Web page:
This page explores the center of the color wheel with our three, neutral Portland Greys and our three colored greys, Titanium Buff, Portland Warm Grey, and Portland Cool Grey.
Neutral Greys: Portland Grey Light, Portland Grey Medium, and Portland Grey Deep
The grey skies of our fair city inspired Robert Gamblin to formulate three Portland Greys – Light, Medium, and Deep. These three neutral greys were developed to help painters quickly adjust the value and chroma of colors.
Portland Grey Deep, Medium, and Light are formulated at Munsell values 4, 6, and 8, respectively.
How are Portland neutral greys useful?
Out of the tube, these three values of grey can effectively be used to create preliminary value studies. Simplifying subject matter down to three values is an excellent way to organize complex compositions down to larger shapes, as illustrated in the work below by California artist Ellie Wilson.
Wilson explains, “The Portland Greys were used to create two close-up thumbnails in preparation for my painting Ibantik Lake. The Portland Greys are a key step for my process of creating a studio painting.”
Color mixing with Portland neutral greys
In color mixing, these neutral greys give painters the ability to simultaneously adjust value and reduce the intensity of brighter colors for more natural color mixtures.
The inner circles of the color wheels below show the mixing effects of Portland Grey Light, Medium and Deep on a palette of Cadmium Yellow Medium, Cadmium Orange, Alizarin Permanent, Dioxazine Purple, Ultramarine Blue, and Sap Green.
Another tip for creating harmony in color mixing: consider using Portland Grey Light in place of white for low-light painting situations.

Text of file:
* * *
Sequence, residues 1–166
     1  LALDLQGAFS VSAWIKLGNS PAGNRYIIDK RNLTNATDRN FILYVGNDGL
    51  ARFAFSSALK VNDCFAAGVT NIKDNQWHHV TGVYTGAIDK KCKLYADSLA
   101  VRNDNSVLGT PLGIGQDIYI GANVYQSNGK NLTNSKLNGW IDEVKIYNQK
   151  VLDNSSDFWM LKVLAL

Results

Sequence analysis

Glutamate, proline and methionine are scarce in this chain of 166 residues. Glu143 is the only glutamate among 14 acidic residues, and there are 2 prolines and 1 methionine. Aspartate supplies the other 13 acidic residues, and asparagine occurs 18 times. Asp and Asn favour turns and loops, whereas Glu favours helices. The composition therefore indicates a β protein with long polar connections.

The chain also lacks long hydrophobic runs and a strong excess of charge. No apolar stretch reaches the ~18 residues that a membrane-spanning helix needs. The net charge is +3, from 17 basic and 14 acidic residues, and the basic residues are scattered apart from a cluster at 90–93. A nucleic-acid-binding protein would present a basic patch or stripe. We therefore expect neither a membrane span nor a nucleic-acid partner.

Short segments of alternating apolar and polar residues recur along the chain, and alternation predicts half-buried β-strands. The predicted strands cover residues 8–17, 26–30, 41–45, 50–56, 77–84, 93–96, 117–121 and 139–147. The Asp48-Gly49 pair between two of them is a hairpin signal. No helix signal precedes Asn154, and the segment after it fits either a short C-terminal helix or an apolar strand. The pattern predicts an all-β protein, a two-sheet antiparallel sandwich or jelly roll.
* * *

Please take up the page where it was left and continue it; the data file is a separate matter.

Colored Greys: Portland Warm Grey and Portland Cool Grey
We expanded our range of Portland Greys to include Portland Warm Grey and Portland Cool Grey, which tilt toward red and blue, respectively. With Titanium Buff added as a yellow-grey, we created a triad of muted primary colors. From these three muted primaries, we can mix a range of muted secondaries.
Formulated to work together, these colors give painters a range of colored greys for nuanced color mixing. Having a complete range of primary and secondary colored greys can be incredibly valuable for figurative and landscape painting. The compressed value range of these colors is helpful in creating atmospheric effects in paintings.
Artist examples | Putting Gamblin colored greys to work
The Portland Greys work to neutralize brighter, purer colors in my palette to create a sense of color harmony and atmosphere in my work. This harmonized, tonal approach to color is evident in my waterfall paintings where the subtle shifts in temperature and hue are dictated by the unifying use of grey. Colors that might be too dissimilar or discordant in a brighter or more saturated color painting, are calmed down and better able to agree with each other when they are neutralized.Mitch Albala
Portland Warm Gray is my favorite mid-value color out of the tube. I use it all over the place. It’s earned a home on my palette because of its versatility and ease of usePaul Batch
The soft atmosphere made possible by painting with the Colored Greys and a little Titanium Zinc White is beautiful. I find exploring the subtle shifts in temperature quite a peaceful and meditative process. These colors work so wonderfully on their own but add lovely complexities to my figurative work as well. Apart from white, the Colored Greys are amongst my most used colors.Kristina Carroll
Portland Warm Grey is a staple on my palette for my Plein Air painting. I find that having this color on my palette allows me more painting time and less mixing time…which is important while Plein Air painting. I love the subtle warmth that Portland Warm Grey provides and use it a lot in my cloud shadows. It’s also used throughout the painting especially with seascapes or snow scenes where the water/snow is influenced so much by the sky. I very rarely use it straight out of the tube but instead use it as a base to warm or cool down as I need.Randall Tillery